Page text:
That group, the Detroit Riverfront Conservancy, began to raise funds to develop parks and green spaces along the 5.5-mile stretch of the river between the Ambassador Bridge and Gabriel Richard Park near Belle Isle. The effort was started with $50 million from the Kresge Foundation — the largest grant in its history.
“Our vision was to serve as a catalyst for development that could really change the face of Detroit for the next century,” he says.
The effort began in 2003 with a focus on the waterfront east of Hart Plaza. Today, about 80 percent of that segment has been developed. Gabriel Richard Park has been refurbished. The plaza and pavilion at Rivard Plaza is bustling with activity during the summer. The Fountains at the GM Plaza and Promenade are a popular gathering place. The 1.35-mile Dequindre Cut greenway is now open to Eastern Market. Just east of the Renaissance Center is the 31-acre William G. Milliken State Park and Harbor, the only urban state park. The area also includes Chene Park, with its 6,000-seat amphitheater.
Planned this year are improvements to Mt. Elliott Park to make it more kid friendly. Other development in the area includes a new dock terminal, a Presbyterian Village senior center and a charter high school for science and math. The riverfront development has attracted new events, including River Days and the Red Bull air races.
Page said the conservancy has raised $106 million of the $140 million needed for the effort. Most of the funding has come from foundations, some from corporations and individuals.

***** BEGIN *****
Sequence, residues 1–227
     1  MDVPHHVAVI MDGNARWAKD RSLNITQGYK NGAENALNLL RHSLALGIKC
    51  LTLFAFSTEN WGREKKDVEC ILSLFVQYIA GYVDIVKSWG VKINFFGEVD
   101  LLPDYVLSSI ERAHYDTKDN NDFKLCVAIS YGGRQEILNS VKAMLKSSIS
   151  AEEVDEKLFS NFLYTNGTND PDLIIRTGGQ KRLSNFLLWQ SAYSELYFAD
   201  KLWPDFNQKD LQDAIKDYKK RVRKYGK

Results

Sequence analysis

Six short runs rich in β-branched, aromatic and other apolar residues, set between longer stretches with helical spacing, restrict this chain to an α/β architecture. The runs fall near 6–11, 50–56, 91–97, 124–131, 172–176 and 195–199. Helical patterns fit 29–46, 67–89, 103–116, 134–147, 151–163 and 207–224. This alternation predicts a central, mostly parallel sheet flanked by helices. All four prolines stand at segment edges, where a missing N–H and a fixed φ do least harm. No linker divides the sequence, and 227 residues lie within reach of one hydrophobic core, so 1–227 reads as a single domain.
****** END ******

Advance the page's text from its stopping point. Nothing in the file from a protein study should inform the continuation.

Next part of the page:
“The idea was to encourage people to want to live on the river,” he says. “And if the bottom hadn’t fallen out of the economy in 2008, that probably would have already happened. There were a few projects that had been announced. But when the bottom fell out, people couldn’t sell their homes, so they couldn’t buy.
“Now there’s a huge pent-up demand for downtown living. All the loft space here is taken. So the likelihood is that in the next couple of years, you’re going to see some significant high-rise residential and mixed-use developments. We’re working to help facilitate that.”
Asked when the riverfront will be fully developed, Page says, “I think by 2020, our riverfront, which has already been transformed, will realize its full potential to the east, and we’ll be well on our way to significant progress on the west.
“There are still hurdles to overcome, but as several people have said, this is the most successful public-private partnership that has ever been seen in this state. We’ve had full cooperation of the state, the governor’s office, the county executive and commission, the city council and mayor, and the philanthropic community.”
Meanwhile, fundraising continues, and Page leads that effort. Asked if he has any thoughts of retirement, he says, “I was at the barbershop this morning and my friend Michael George said when people ask him when he’s going to retire, he says, ‘You can come to my retirement party, which will be at the funeral home.’
“I guess I have that same philosophy.”
By Allan Nahajewski